A Rare Racing-Steeped Porsche 550A Hits Bonhams Block

The only giant-killer to compete in a Grand Prix is expected to fetch $5 million.

Somewhere in Porsche’s Weissach development center, engineers are working on the company’s latest racing machine, an all-electric variant slated for the 2019 Formula E season.

But that high-tech benchmark can trace its roots all the way back to the Porsche 550 Spyder—a lightweight, small-engined scalpel of a car that in the 1950s earned the nickname “Giant Killer” after beating larger rivals from Ferrari and Aston Martin. Now Bonhams is offering collectors the chance to park one of the greatest 550s ever built in their garage.

Hitting the auction block January 18 at Bonhams Scottsdale Auction at the Westin Kierland Resort & Spa is a 1958 550A Spyder, a radically redesigned variant of the 550 that is believed to be the only one of 40 550As to compete in a Grand Prix. Chassis 0145 (estimated to sell between $4.5 and $5.5 million) was a class winner at the Dutch Grand Prix and Nurburgring 1000 km race, and took 5th overall at the 24 Hours of Le Mans. In its later new-millennium years, the car competed in 10 Mille Miglia Storica events.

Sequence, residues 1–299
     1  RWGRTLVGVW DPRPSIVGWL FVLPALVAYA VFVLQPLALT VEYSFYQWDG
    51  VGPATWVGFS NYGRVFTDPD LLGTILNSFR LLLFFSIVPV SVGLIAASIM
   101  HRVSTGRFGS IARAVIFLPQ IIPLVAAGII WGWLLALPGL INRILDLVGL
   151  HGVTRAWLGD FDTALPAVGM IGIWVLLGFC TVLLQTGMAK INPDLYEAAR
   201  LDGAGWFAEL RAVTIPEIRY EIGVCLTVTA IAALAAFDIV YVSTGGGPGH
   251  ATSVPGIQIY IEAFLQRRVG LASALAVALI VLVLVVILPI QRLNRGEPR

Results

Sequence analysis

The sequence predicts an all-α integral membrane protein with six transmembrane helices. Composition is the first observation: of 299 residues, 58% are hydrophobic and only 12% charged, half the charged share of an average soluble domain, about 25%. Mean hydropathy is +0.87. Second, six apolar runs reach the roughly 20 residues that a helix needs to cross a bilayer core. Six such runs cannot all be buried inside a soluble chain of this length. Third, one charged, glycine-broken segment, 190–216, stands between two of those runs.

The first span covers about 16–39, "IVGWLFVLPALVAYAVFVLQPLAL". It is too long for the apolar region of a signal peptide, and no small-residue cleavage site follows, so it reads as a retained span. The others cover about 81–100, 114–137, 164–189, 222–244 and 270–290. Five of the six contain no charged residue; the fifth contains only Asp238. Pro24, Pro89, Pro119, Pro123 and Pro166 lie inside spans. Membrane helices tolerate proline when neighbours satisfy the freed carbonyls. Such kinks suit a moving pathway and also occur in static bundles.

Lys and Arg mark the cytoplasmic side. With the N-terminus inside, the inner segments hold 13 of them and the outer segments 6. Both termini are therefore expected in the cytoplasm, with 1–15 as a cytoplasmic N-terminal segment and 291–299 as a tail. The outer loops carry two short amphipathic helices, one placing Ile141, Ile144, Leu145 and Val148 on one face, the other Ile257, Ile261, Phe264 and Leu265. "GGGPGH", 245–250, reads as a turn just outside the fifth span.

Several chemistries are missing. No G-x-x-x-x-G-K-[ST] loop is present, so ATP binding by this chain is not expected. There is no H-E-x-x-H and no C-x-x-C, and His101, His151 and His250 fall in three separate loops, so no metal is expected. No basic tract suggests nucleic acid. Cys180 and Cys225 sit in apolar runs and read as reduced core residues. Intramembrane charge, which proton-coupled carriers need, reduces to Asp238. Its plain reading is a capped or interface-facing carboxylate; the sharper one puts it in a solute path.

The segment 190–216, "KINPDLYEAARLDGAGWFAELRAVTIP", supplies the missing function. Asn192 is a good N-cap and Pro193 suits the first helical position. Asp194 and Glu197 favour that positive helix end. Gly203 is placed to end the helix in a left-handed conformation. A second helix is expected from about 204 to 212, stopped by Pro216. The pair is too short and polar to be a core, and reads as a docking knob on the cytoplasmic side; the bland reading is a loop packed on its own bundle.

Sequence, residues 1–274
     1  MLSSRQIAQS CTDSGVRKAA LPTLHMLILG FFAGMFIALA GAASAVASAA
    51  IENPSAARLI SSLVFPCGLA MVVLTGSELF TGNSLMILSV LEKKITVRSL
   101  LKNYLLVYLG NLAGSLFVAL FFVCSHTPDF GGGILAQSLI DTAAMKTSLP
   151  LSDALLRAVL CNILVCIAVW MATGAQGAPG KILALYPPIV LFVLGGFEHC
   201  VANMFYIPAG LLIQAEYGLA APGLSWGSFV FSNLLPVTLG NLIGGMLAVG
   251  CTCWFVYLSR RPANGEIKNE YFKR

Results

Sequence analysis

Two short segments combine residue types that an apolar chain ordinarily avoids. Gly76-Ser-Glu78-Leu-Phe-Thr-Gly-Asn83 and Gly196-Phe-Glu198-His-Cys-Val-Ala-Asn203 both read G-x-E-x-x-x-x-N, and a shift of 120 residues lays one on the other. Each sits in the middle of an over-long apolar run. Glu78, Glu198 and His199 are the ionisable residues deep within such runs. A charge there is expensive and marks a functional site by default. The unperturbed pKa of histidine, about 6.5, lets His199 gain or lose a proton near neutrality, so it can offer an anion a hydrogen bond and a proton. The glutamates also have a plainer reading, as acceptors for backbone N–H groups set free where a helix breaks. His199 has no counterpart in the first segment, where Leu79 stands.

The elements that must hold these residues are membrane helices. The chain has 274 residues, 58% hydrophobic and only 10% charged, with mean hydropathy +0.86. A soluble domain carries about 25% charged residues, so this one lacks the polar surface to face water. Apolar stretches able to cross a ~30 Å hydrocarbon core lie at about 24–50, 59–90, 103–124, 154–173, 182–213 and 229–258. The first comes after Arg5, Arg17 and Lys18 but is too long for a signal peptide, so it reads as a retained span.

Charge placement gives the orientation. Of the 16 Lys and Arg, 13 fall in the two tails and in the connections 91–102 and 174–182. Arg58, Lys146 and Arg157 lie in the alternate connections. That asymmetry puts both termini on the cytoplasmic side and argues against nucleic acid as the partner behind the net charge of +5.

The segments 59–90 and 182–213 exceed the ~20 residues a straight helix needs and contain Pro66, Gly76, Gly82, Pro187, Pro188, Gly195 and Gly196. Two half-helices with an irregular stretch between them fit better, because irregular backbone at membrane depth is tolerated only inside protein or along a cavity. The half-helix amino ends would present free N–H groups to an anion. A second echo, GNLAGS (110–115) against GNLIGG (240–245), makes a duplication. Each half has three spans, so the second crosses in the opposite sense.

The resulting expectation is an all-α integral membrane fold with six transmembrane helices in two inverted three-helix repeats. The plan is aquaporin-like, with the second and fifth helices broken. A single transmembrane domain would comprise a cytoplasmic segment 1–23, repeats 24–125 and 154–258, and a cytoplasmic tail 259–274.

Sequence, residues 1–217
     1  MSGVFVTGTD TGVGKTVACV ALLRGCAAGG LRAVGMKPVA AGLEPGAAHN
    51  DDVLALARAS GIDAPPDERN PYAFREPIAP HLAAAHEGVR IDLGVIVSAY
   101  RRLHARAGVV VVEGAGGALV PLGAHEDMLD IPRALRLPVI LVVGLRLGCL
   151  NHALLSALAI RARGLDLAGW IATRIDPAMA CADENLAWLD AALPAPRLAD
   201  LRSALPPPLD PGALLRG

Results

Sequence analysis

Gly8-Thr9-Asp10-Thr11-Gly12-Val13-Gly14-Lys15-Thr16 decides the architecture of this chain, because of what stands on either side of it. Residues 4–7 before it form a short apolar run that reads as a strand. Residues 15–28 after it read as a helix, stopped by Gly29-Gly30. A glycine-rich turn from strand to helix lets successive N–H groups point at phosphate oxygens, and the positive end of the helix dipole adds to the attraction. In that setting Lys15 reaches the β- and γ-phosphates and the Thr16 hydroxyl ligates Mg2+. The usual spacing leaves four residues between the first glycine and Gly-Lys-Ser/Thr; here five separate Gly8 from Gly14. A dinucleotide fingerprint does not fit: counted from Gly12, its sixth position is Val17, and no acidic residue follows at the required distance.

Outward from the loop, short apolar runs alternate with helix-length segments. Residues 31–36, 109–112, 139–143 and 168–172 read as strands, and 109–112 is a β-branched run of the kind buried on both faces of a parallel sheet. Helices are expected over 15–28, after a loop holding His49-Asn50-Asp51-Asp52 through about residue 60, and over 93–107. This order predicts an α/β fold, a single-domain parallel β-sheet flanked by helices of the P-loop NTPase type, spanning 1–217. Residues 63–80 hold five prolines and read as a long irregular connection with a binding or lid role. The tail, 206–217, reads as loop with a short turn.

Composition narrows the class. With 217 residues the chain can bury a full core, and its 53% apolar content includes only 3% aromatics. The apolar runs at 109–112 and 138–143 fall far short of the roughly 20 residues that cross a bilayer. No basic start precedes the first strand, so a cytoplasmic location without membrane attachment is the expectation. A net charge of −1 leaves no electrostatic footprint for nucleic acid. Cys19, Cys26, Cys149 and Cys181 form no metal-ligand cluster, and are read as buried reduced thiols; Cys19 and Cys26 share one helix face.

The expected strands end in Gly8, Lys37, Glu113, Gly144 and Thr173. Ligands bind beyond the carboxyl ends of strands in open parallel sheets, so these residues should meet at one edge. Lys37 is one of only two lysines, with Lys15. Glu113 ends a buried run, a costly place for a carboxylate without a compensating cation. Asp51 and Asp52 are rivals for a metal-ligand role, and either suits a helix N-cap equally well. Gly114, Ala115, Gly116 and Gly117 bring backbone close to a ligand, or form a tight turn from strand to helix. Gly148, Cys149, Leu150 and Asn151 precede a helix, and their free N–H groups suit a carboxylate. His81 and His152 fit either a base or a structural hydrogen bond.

“The Porsche 550s have become blue chip cars, internationally appreciated by the collector car market much like a (Ferrari) California Spyder or a McLaren F1,” says Jakob Greisen, vice president and head of U.S. motoring for Bonhams. “A (Porsche) Carrera GT or a rare 911 are great production cars, but few Porsches are at the level of this 550A.”

Greisen says that after driving the diminutive racer, the only comparison he can make is to a road-hugging go-kart, “just very light and nimble with great acceleration and steering.”

Chassis 0145 benefitted from Porsche’s latest 550 technology, which included a space frame architecture that increased rigidity as well as a paring down of the aluminum body that took total weight down by 95 pounds to a feather-light 1,170 pounds total.

But there mere fact that this car still stands intact is partly what makes it a special opportunity, says Greisen. “Most 550s were severely damaged during their racing careers, and some burned to the ground,” he says. “They are fragile cars with not a whole lot to them. So cars like this one are really rare.”

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